News - Holden - Barina
Dismal crash test result hurts sales and forces Holden to reconsider its Barina plan
14 Jun 2006
HOLDEN is re-assessing the safety of its South Korean-built Barina following the light car’s dismal two-star Australian NCAP crash-test rating and a fall in sales last month.
Speaking at the launch of two new European-built Astra models in Canberra last week, GM Holden chairman and managing director Denny Mooney revealed that he was "concerned" by the bad publicity surrounding the GM Daewoo-sourced Barina’s NCAP performance.
He said the Australian results – which confirmed a Euro NCAP rating conducted in February – had come as a "surprise" to his technical staff and that Holden engineers were now working with Australian NCAP to examine discrepancies between the public test and the company’s own (confidential) internal results.
These engineers will also advise on whether "there is anything else we want to do" in terms of the Barina’s safety.
"I am concerned by the publicity," said Mr Mooney. "First of all, I was not surprised at the Australian NCAP results as the Euro NCAP results were very similar in Europe a couple of months earlier.
"But it was a little surprising to our technical community.
"We had a better internal result. Both tests are exactly precise yet there’s variation in the results.
"Let me say, though, I am very confident of the safety of the Barina. That’s one test.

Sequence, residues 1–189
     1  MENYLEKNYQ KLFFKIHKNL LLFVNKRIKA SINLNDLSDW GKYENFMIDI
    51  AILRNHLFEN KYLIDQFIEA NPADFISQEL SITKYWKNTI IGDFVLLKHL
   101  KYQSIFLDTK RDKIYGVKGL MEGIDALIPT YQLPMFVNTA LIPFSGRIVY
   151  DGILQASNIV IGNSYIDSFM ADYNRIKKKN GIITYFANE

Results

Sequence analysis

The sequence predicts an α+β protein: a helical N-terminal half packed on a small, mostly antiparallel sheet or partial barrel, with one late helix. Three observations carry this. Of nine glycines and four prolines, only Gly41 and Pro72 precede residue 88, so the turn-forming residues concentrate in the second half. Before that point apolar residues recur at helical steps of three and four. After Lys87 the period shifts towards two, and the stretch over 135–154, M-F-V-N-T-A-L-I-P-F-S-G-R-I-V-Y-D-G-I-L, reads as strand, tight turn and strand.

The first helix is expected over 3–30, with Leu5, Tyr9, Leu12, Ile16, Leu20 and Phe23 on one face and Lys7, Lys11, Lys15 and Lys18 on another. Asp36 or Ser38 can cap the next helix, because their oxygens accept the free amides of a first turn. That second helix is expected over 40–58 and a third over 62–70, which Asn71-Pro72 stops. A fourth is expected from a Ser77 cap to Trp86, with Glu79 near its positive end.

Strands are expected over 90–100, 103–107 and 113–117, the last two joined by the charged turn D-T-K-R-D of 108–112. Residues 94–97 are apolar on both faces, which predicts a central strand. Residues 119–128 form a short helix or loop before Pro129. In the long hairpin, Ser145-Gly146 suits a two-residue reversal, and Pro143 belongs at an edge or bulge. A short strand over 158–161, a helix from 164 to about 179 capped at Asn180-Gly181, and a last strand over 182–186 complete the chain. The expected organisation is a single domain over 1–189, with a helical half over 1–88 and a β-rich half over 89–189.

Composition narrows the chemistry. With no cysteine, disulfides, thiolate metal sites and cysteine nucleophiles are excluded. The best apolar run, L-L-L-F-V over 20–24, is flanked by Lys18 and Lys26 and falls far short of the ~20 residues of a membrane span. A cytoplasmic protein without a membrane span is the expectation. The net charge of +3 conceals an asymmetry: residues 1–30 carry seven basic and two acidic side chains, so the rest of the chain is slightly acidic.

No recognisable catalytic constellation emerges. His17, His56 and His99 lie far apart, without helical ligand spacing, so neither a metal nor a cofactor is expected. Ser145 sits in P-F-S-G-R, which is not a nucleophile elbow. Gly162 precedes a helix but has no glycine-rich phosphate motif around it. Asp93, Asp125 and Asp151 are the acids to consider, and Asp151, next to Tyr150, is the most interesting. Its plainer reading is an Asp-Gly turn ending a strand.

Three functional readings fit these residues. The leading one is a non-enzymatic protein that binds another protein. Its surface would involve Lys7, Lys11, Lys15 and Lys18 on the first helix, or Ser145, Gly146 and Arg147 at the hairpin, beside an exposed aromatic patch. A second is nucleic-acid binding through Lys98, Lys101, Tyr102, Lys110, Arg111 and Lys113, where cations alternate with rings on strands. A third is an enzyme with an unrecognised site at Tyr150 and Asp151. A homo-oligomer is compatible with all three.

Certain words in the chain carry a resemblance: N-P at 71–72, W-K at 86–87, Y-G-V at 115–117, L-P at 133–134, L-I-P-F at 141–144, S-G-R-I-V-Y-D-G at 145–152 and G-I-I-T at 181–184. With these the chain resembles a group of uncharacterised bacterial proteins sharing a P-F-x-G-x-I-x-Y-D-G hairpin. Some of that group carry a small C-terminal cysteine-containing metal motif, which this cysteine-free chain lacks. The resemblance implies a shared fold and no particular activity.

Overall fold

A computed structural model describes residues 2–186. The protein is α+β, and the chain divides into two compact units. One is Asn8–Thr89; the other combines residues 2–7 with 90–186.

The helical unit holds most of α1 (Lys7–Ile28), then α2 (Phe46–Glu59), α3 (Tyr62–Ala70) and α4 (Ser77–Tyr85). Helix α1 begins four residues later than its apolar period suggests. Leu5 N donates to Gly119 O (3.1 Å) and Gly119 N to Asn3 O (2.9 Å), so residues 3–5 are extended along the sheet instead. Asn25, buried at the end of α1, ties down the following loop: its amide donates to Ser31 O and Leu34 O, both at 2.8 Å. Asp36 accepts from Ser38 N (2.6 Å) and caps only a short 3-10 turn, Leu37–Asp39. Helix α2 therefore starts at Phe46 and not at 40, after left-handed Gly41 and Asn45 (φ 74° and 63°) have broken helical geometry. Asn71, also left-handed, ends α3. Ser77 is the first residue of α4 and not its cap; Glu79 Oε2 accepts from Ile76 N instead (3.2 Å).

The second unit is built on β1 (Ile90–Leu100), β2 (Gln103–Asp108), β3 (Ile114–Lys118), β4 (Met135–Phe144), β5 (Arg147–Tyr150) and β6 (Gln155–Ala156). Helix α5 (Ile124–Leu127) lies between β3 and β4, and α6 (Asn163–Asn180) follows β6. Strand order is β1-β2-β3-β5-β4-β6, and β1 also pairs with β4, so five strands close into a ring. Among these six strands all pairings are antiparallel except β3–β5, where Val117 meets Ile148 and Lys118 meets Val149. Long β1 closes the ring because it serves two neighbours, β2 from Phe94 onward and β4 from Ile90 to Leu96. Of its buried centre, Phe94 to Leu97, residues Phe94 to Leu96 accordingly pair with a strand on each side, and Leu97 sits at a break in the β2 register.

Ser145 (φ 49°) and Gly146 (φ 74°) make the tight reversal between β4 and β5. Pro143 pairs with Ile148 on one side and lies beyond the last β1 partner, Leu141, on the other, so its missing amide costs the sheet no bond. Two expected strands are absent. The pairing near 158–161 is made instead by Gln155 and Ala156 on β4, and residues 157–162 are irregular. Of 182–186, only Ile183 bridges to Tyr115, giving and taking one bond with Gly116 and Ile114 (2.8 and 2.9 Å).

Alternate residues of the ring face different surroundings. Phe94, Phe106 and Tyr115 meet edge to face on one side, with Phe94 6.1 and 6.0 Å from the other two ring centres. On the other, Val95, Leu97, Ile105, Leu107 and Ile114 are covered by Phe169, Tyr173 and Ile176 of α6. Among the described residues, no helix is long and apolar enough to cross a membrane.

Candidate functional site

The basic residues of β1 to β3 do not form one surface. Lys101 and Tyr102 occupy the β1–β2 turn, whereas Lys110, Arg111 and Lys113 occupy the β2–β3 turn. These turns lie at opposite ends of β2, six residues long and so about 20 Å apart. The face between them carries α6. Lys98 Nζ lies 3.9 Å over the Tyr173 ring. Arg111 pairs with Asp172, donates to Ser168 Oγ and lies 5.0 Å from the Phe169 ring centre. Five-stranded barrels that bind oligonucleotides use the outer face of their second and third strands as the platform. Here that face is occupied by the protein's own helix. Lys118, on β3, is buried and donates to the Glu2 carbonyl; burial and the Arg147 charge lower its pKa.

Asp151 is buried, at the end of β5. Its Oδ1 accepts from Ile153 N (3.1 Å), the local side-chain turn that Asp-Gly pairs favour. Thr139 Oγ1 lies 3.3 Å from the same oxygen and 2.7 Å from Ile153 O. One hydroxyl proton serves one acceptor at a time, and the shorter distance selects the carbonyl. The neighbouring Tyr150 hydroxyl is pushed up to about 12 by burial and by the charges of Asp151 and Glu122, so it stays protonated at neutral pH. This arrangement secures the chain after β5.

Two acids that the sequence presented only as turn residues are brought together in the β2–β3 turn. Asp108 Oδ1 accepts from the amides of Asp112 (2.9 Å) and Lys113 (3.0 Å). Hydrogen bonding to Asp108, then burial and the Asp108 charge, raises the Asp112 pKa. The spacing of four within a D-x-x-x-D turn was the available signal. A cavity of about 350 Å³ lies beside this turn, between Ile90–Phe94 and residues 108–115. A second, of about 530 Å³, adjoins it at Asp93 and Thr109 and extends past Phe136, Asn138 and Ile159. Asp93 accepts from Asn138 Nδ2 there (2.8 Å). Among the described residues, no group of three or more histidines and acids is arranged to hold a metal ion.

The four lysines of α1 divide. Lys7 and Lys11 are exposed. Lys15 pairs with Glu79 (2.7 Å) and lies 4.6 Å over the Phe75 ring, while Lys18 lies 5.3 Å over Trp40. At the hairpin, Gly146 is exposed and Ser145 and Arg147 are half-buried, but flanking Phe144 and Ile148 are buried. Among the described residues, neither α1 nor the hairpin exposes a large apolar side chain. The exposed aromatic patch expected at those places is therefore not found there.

"The car is a five-star (performer) over in North America – which is a different test. These (European and Australian) tests measure chest ‘G’ (forces), they measure head-impact criteria and physical intrusion ... and these are the kind of tests that end up in the consumer’s scorebooks, so to speak.
"I’m very confident where that vehicle is from a safety standpoint.
"It is a little misleading when you compare it to the old Barina, which was tested under a different test procedure, by the way. So there are a lot of variables here.
"I’m not trying to be defensive ... because the result is what it is. (But) we have been working with the Australian NCAP and our engineers ... to see if there is anything else we want to do."Mr Mooney would not be drawn on whether any changes would be made to the current car as a result.
"I drive the car," he said. "I have my daughter drive the car – and there is no problem.
"This car meets a lot of different safety requirements around the world."Nevertheless, Mr Mooney conceded that the poor crash-test publicity the Barina attracted last month when the Australian NCAP results were released had negatively impacted on sales.
In May the budget car managed just 806 sales, which was well down on its 2006 monthly average of more than 1200 units (May included) and lower than its European-sourced and more expensive predecessor achieved for the same month last year (823).
"There are two things from my perspective – we were, and still are, restricted with stock, and secondly we went from $12,990 to $13,490," said Mr Mooney.
"So a combination of price increase, shortage of cars, and some of the bad publicity we had, all contributed.
"It certainly wasn’t as strong a month as we’ve had in the first four months of the year."The Barina is based on the Daewoo Kalos and underwent engineering work at Holden before being released in Australia last December.
GM Holden is the majority shareholder in GM Daewoo, with a 42.1 per cent shareholding.
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